|Whooping cough (also called "pertussis") is a serious disease.
The symptoms of whooping cough include:
- a choking cough, often severe, which may last several minutes
- coughing attacks which end in vomiting
- there may be a high pitched "whoop" sound when the child tries to breathe in after coughing.
This "whoop" is usually heard in older babies and toddlers.
Treatment If you think that you or your child has whooping cough symptoms, you should see your doctor as soon as possible. If it is whooping cough, antibiotic treatment may be offered. Treatment may also be offered to the whole family if there are other children aged less than one year in the family.
The antibiotics do not usually reduce the severity of illness, (they can’t cure whooping cough), but they help prevent whooping cough from spreading if given early enough.
ImmunisationImmunisation is the best way to
prevent whooping cough. Children should be immunised at the ages of six
weeks, three months, five months, 15 months and four years. It is
important to start immunisations at the recommended time because younger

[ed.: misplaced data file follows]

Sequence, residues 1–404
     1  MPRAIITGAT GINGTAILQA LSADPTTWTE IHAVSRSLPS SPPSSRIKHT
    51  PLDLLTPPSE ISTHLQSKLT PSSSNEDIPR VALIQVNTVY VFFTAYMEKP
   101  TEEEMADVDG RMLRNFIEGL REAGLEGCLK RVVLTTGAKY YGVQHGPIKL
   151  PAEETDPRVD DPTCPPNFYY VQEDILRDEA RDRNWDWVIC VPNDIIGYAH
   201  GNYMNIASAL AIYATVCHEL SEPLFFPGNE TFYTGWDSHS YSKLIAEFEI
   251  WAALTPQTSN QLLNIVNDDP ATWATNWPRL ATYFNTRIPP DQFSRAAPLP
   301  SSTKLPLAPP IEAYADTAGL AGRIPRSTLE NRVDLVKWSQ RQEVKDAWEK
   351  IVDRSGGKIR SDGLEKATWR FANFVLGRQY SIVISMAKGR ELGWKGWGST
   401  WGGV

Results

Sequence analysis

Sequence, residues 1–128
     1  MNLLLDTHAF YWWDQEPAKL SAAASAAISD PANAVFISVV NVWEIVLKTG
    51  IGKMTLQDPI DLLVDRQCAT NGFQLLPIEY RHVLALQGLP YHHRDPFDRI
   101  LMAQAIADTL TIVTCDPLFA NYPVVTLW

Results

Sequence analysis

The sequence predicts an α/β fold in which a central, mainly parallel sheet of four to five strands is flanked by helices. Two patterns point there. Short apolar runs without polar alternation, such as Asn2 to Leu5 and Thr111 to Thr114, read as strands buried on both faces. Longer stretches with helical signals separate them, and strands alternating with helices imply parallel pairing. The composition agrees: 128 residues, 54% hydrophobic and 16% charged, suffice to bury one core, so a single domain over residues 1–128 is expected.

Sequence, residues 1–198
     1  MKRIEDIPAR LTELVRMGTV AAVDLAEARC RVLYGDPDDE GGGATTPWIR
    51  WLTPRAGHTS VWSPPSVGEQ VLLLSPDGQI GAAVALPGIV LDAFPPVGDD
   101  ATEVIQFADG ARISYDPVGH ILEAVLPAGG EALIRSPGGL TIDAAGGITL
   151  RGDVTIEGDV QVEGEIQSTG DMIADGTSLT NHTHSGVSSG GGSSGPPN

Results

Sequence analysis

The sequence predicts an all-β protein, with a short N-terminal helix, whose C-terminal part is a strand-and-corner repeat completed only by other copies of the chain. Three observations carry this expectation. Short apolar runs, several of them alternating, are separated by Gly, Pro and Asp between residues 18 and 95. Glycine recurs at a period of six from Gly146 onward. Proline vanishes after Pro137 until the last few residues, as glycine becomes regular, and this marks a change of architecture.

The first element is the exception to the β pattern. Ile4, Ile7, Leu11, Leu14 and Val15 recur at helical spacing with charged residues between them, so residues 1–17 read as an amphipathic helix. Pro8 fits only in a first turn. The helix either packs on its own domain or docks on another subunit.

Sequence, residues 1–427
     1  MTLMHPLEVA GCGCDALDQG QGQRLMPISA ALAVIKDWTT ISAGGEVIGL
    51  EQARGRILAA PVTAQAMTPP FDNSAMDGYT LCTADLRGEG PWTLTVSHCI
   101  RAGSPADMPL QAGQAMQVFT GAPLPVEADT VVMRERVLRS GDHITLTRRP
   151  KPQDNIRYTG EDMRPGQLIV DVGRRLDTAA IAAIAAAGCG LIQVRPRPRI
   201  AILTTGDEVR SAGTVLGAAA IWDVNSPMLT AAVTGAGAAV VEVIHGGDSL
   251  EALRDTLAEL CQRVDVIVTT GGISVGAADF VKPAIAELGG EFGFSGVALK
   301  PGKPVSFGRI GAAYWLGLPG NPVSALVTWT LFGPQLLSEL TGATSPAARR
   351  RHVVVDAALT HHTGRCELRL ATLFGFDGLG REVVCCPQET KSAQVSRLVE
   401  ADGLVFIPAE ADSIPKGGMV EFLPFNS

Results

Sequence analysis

babies are most likely to get serious complications from whooping
Immunisation doesn’t start to give useful protection until at
least three doses have been given.
Immunisation prevents whooping cough in about 80% of children. Protection usually lasts at least several years.
if they have been immunised, some children still catch whooping cough,
but usually do not get as sick.
Because they don’t get it until they are
older, they are much less likely to get the serious complications of
If most children are immunised then whooping cough cannot
spread as easily.
There can be some side effects after
immunisation, including a sore and swollen arm or leg for a few days,
fever, being off food and crying.
The side effects from immunisation are
far less dangerous than whooping cough and happen much less often since
a new (acellular) form of the whooping cough vaccine was introduced in
Chiefs player Fritz Lee’s partner Amy Connell, whose baby is due in July 2013, is a firm advocate for the whooping cough immunisation.
“It’s important to us to be immunised because pregnant women are more susceptible to illness. Having the vaccine ensures we’ve done all that we can to keep each other and our little ones safe.
“We adults can pass whooping cough onto kids without even knowing we have it. My whooping cough vaccine will keep our baby protected for the first five to six weeks before the baby can be immunised,” she said.
Stacey Illingworth with her seven week old daughter Sativah Lammas who has whooping cough.
Read their story
Video: Whooping cough, a baby's struggle